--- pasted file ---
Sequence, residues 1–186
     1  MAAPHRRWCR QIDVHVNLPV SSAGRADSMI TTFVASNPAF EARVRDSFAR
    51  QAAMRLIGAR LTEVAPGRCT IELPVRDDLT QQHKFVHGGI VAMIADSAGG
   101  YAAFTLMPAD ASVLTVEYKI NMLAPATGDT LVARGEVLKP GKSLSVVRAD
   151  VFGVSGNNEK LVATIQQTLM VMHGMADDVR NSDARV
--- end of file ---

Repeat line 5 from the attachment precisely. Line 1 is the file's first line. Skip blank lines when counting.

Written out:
   151  VFGVSGNNEK LVATIQQTLM VMHGMADDVR NSDARV